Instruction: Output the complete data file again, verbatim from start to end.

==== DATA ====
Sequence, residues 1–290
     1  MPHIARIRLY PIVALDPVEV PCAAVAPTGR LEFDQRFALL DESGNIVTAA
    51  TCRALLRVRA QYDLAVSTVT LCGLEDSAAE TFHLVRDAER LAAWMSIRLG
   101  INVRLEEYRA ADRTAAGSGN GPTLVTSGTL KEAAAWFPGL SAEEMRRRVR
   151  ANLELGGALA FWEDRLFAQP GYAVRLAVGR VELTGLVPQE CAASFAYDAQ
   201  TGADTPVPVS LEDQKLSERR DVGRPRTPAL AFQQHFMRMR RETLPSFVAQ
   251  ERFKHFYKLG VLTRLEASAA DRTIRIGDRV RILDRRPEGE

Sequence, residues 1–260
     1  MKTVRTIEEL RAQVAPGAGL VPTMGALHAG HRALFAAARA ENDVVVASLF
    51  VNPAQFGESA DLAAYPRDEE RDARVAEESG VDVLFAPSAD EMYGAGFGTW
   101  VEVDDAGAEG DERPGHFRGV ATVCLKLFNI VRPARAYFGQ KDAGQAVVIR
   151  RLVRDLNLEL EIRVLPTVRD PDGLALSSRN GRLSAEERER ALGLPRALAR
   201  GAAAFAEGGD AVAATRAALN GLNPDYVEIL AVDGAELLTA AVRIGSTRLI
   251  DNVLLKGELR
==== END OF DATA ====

Sequence, residues 1–290
     1  MPHIARIRLY PIVALDPVEV PCAAVAPTGR LEFDQRFALL DESGNIVTAA
    51  TCRALLRVRA QYDLAVSTVT LCGLEDSAAE TFHLVRDAER LAAWMSIRLG
   101  INVRLEEYRA ADRTAAGSGN GPTLVTSGTL KEAAAWFPGL SAEEMRRRVR
   151  ANLELGGALA FWEDRLFAQP GYAVRLAVGR VELTGLVPQE CAASFAYDAQ
   201  TGADTPVPVS LEDQKLSERR DVGRPRTPAL AFQQHFMRMR RETLPSFVAQ
   251  ERFKHFYKLG VLTRLEASAA DRTIRIGDRV RILDRRPEGE

Sequence, residues 1–260
     1  MKTVRTIEEL RAQVAPGAGL VPTMGALHAG HRALFAAARA ENDVVVASLF
    51  VNPAQFGESA DLAAYPRDEE RDARVAEESG VDVLFAPSAD EMYGAGFGTW
   101  VEVDDAGAEG DERPGHFRGV ATVCLKLFNI VRPARAYFGQ KDAGQAVVIR
   151  RLVRDLNLEL EIRVLPTVRD PDGLALSSRN GRLSAEERER ALGLPRALAR
   201  GAAAFAEGGD AVAATRAALN GLNPDYVEIL AVDGAELLTA AVRIGSTRLI
   251  DNVLLKGELR